Johanns said the surveillance program should "reflect what we now know is a very, very low level of BSE (bovine spongiform encephalopathy) in the United States." He added that, even in its reduced capacity, the program would still enable the regulatory agency to prevent BSE and "exceed science-based international guidelines."
Some consumer groups disagree with this assessment, and argue that the reduction of the stringent testing program suggests the USDA is relaxing its protection of animal and consumer health.
The current program, which has tested more than 759,000 cattle since its inception in 2004, found two of the three confirmed BSE cases in the United States, but officials say the program was only designed to measure how prevalent the disease was. Collected figures put BSE cases in the United States at fewer than one in 1 million, so the USDA plans to diminish its testing from about 30,000 cattle a month to 40,000 a year.
Despite the low prevalence of mad cow cases, the move may have come at a bad time for the Bush administration, which is engaged in strong lobbying to lift export bans from countries such as Japan and South Korea. Many countries closed their borders to U.S. beef when the first American cases of the disease were reported in 2003.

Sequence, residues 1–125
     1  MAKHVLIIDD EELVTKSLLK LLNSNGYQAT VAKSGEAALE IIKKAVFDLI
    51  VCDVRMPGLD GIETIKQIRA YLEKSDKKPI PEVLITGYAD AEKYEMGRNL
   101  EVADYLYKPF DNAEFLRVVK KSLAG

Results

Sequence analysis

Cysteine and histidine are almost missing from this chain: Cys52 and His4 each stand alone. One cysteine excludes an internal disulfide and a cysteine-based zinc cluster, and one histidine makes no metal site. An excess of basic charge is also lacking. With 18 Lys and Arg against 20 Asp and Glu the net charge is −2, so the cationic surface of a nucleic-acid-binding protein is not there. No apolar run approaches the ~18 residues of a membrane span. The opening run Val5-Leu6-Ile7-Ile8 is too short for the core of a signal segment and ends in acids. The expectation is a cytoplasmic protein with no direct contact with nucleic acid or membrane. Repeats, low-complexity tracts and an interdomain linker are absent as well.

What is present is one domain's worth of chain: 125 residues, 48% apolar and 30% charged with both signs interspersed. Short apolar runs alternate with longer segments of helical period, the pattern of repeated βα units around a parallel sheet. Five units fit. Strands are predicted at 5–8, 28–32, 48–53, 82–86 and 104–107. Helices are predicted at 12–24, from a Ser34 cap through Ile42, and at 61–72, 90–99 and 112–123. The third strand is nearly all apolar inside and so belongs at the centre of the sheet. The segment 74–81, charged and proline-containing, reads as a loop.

Only 1 billion pounds of U.S. beef has been exported so far this year, down nearly 60 percent from 2003 figures.
Mike Adams, consumer health advocate and frequent critic of the USDA, saw the move as a step backwards for public safety. "The USDA is following a 'see no evil' policy of hallucinating that mad cow disease doesn't exist, then using that false belief to justify a dangerous reduction in safety testing," he said. Adams further notes that the USDA currently outlaws the testing of cattle for mad cow disease by ranchers and meat packers.